Christopher Malone, Department of Political Science, Pace University, has a recent review in the Law and Politics Book Review of JUSTICE IN MISSISSIPPI: THE MURDER TRIAL OF EDGAR RAY KILLEN, by Howard Ball (University Press of Kansas, 2006). Malone begins: The story of the deaths of Michael Schwerner, James Chaney, and Andrew Goodman were well known before the summer of 2005 when, after forty-one years, a Neshoba County jury found Edgar Ray Killen guilty on three counts of manslaughter in their deaths. What happened in between the night of their untimely murders and Killen’s conviction is the subject of Howard Ball’s engaging if somewhat repetitive new book, JUSTICE IN MISSISSIPPI. Ball, a professor of law at Vermont Law School, taught at Mississippi State University in the 1970s and 1980s. It is clear from his recitation of the “Preacher” Killen story that Ball is intimately familiar with the state as well as the players involved. In fact, this is the second time he has written about it – and JUSTICE IN MISSISSIPPI should be seen as an important follow up to his MURDER IN MISSISSIPPI. Ball’s story begins long ago in what many might describe as a land foreign to the Mississippi in which the 80 year-old Killen was convicted on June 21st, 2005. Three civil rights workers –Schwerner and Goodman white, Chaney black – were brutally murdered exactly forty-one years earlier in the dark quiet of a dirty back road in Neshoba County, Mississippi. They came against the backdrop of an extraordinary, and extraordinarily turbulent, period in American history. Within that year alone stretching back to the summer of 1963, Martin Luther King had given his “I Have a Dream” speech at the March on Washington, John F. Kennedy had been assassinated, and Lyndon Johnson was about to sign the most important piece of civil rights legislation in the nation’s history outside of the Fourteenth Amendment. The country was already roiling, and the senseless murders of these three brave young men – who had descended upon Neshoba County simply to try to register blacks to vote – only exacerbated the conflict over civil rights in the heart of the Old Confederacy. Their story became the rallying cry for the civil rights movement, and in 1967, after three years of investigation by the FBI, the federal government indicted eighteen Mississippi Klansmen for conspiracy to commit murder. Seven were convicted. But not surprisingly, no one was ever brought to trial at the state level for the deaths of Schwerner, Chaney and Goodman. National attention waned; the civil rights movement ran out of steam, and soon the deaths of the three civil rights workers were put in the “cold case” file.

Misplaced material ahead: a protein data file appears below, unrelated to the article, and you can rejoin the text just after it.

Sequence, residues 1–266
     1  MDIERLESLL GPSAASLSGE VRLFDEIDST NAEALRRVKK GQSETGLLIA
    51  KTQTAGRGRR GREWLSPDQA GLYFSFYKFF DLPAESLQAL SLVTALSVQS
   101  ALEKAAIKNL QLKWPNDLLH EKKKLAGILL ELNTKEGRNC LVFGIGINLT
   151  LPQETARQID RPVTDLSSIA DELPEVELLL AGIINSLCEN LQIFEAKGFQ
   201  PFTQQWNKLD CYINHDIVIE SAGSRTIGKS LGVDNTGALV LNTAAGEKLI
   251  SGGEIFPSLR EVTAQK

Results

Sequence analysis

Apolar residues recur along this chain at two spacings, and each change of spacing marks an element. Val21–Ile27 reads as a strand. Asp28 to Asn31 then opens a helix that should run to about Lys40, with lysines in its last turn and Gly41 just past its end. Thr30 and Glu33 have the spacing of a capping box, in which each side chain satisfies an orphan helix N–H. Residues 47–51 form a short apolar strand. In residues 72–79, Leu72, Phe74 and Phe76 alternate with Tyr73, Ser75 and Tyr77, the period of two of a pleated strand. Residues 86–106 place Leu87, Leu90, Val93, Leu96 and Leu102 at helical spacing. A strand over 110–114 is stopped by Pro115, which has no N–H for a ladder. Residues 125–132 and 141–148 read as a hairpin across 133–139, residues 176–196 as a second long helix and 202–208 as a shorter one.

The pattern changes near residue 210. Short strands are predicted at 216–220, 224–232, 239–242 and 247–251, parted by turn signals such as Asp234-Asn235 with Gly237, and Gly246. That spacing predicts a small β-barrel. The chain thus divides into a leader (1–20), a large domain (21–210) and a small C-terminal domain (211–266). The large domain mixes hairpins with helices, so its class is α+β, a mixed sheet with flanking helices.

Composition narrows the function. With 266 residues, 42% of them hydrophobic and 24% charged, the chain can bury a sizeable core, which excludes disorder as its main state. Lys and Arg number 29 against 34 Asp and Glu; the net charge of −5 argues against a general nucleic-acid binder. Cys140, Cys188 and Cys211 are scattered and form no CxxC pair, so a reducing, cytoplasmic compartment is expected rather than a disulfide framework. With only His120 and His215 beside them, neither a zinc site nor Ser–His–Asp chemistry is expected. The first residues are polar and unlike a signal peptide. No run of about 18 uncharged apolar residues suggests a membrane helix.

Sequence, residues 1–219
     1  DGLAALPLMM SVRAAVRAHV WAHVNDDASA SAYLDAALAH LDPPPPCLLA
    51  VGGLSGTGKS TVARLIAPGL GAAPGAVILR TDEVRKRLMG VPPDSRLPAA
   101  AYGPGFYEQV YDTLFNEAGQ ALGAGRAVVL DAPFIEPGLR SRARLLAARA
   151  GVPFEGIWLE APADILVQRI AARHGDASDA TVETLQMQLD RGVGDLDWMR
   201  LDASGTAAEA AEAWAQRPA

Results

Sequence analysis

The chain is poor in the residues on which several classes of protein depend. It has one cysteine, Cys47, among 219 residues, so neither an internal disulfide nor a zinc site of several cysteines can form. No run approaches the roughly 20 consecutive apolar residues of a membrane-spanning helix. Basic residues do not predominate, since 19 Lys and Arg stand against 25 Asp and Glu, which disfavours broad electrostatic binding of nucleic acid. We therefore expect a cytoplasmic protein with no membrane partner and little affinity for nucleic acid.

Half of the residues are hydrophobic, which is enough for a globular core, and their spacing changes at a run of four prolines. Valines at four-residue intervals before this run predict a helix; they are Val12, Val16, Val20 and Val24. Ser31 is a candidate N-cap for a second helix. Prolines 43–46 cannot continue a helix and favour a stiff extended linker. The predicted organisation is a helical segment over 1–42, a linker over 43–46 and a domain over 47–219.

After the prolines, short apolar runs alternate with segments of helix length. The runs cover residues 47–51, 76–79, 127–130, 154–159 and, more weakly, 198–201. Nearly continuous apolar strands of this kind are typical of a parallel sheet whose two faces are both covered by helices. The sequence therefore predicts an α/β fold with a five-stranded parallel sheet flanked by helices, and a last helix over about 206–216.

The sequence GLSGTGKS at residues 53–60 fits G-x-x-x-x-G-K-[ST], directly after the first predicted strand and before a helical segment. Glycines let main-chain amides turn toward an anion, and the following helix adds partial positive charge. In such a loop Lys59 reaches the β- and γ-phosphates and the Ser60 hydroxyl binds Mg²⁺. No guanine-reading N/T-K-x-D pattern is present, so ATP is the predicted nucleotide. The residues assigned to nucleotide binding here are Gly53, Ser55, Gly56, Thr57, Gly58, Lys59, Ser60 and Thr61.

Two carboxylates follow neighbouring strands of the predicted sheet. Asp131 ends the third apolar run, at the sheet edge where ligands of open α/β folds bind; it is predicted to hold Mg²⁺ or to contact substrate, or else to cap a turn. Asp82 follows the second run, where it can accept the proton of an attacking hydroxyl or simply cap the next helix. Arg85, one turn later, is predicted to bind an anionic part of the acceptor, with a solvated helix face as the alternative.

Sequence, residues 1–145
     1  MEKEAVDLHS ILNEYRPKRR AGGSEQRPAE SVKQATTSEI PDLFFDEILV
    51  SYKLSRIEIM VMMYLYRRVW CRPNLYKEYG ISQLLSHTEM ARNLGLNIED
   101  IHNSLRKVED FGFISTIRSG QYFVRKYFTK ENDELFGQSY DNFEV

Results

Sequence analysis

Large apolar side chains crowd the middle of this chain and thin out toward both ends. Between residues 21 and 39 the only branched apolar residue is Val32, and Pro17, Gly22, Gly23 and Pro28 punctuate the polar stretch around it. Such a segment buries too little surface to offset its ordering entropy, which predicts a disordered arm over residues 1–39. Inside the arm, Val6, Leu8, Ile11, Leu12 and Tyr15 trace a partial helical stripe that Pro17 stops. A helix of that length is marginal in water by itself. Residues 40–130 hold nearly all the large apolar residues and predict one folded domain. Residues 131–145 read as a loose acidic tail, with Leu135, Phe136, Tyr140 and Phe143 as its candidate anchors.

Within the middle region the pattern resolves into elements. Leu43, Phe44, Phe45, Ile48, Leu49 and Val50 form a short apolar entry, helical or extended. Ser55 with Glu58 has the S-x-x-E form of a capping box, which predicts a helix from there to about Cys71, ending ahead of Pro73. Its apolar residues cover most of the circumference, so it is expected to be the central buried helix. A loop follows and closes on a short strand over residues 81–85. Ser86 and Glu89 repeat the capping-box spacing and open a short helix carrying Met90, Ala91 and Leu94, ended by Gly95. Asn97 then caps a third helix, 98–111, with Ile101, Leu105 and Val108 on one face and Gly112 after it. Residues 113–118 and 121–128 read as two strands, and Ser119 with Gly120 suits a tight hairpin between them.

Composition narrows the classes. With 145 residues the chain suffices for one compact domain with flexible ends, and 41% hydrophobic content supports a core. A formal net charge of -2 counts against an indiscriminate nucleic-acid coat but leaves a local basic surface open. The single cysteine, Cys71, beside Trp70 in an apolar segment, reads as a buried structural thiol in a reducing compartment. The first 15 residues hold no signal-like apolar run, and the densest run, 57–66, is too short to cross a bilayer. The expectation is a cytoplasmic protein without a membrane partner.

For the rest of the story, and review, click here.